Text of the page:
Imagining Boston, A Literary Landscape by Shaun O’Connell

John Winthrop 1587-1649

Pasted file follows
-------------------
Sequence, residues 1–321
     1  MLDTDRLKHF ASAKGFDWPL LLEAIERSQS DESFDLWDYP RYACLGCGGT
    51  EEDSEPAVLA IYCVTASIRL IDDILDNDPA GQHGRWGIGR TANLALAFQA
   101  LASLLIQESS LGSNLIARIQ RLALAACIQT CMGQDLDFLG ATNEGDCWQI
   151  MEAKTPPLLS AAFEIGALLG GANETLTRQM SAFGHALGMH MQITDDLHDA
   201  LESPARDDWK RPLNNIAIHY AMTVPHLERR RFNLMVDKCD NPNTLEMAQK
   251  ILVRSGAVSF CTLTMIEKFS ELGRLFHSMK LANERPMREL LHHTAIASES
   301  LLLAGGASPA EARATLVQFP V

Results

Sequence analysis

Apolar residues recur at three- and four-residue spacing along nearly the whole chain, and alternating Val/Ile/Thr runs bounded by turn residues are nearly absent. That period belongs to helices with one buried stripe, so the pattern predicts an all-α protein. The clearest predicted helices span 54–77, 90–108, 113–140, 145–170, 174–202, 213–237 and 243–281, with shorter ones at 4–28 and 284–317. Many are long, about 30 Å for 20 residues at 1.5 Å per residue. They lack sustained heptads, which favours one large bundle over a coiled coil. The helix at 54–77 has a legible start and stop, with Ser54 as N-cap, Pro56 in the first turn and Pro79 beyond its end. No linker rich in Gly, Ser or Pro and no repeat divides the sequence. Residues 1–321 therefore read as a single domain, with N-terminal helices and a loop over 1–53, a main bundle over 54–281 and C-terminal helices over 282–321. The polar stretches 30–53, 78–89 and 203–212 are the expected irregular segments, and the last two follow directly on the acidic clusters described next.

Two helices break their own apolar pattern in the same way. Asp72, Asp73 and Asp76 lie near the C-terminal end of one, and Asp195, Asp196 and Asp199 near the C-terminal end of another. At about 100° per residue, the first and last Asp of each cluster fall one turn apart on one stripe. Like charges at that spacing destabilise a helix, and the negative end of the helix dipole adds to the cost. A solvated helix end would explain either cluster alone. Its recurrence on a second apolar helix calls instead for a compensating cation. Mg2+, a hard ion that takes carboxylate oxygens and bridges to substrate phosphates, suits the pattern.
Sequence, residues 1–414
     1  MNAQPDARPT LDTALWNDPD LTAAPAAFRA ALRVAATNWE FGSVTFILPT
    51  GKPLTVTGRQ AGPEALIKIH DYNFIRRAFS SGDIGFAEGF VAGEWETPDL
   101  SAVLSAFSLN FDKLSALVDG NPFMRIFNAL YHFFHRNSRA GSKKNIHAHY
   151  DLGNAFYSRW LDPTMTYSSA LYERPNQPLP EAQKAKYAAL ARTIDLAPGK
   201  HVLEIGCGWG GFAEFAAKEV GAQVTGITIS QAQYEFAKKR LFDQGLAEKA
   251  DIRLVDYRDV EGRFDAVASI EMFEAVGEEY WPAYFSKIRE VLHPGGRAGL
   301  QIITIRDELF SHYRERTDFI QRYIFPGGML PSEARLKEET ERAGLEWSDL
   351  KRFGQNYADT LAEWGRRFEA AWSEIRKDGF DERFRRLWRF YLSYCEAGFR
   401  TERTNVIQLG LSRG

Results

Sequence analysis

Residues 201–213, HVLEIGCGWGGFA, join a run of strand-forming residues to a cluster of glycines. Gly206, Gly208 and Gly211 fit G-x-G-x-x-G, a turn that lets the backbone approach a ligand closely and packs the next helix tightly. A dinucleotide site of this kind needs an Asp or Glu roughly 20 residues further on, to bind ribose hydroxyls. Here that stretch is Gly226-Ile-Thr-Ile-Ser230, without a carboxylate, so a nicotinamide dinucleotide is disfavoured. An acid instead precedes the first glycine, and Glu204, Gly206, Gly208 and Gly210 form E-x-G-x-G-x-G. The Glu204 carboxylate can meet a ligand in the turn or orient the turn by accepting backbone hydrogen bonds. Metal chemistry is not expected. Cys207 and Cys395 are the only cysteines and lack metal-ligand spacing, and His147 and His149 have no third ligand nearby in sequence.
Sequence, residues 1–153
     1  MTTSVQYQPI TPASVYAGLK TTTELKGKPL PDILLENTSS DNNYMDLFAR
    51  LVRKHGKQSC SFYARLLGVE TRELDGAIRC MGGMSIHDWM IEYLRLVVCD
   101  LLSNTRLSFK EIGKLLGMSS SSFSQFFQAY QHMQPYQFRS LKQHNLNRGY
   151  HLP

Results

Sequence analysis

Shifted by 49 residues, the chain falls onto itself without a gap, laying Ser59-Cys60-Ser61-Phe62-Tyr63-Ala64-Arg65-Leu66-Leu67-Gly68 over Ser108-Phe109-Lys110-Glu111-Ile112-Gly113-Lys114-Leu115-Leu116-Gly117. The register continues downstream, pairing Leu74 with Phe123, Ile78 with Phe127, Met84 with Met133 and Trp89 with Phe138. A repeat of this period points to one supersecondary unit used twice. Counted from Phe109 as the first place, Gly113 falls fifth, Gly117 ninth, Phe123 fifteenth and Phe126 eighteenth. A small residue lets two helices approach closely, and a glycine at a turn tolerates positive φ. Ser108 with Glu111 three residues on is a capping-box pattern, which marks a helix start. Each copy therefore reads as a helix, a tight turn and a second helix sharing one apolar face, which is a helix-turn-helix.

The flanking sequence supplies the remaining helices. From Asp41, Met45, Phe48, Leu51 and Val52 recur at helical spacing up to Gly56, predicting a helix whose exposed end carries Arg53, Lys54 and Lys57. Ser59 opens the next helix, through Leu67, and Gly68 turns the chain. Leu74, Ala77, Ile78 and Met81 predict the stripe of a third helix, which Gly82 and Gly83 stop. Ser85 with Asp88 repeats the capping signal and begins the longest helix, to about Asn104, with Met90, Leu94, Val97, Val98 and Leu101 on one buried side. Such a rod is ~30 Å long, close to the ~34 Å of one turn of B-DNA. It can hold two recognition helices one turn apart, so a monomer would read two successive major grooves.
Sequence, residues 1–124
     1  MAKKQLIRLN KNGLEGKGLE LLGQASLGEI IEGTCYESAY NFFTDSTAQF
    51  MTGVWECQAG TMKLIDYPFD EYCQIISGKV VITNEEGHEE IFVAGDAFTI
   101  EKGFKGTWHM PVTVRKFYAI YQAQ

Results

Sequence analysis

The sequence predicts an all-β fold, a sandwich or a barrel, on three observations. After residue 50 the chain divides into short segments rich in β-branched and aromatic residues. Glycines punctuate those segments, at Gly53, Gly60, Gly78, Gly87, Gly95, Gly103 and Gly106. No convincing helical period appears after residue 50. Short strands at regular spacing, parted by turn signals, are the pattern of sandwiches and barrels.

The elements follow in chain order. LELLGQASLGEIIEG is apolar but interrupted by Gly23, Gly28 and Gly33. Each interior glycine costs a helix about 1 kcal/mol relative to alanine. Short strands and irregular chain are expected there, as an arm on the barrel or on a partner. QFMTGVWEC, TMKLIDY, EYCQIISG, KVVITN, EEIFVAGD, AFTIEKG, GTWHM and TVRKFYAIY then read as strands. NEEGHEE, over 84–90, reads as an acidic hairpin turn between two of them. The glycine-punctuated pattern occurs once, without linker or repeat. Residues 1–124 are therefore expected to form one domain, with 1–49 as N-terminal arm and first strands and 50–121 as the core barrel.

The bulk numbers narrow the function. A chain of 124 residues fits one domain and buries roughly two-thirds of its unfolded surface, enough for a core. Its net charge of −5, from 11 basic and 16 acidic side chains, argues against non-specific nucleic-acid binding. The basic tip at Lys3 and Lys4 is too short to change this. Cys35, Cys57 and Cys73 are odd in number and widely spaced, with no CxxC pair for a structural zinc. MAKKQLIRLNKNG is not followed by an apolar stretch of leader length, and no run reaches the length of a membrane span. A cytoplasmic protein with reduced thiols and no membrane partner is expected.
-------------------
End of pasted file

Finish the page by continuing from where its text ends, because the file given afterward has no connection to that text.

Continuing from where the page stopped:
…those places which have held significance for Bostonians and their writers: the Garden and Common, Back Bay, the South End, all clustered in the city’s center. Beyond lie the hard edges of the city, where immigrant energies, racial and ethnic identities have long been felt: the North End, South Boston, Charlestown and Dorchester. To the west lies Cambridge, central to Boston’s self-definition from the beginning, and particular Harvard, which embodies so much of the city’s mind and soul. We travel from Beacon Hill to Harvard to Concord, the pastoral and ideological counterpoint to pragmatic, commercial Boston. Farther West lie Amherst and the Berkshire Hills, Lenox, and the other towns, at the outer edge of Boston’s reach. The sphere of influence arcs north to include southern New Hampshire and south to encompass Cape Cod. All of these are sites which have been illuminated by the imagination of Greater Boston’s writers who have infused such places with ideas, passions, and symbols. America’s city upon a hill, though radically transformed, is still, as John Winthrop imagined it should be, a beacon–“the eyes of all people are upon us.”  –Shaun O’Connell, Imagining Boston, A Literary Landscape

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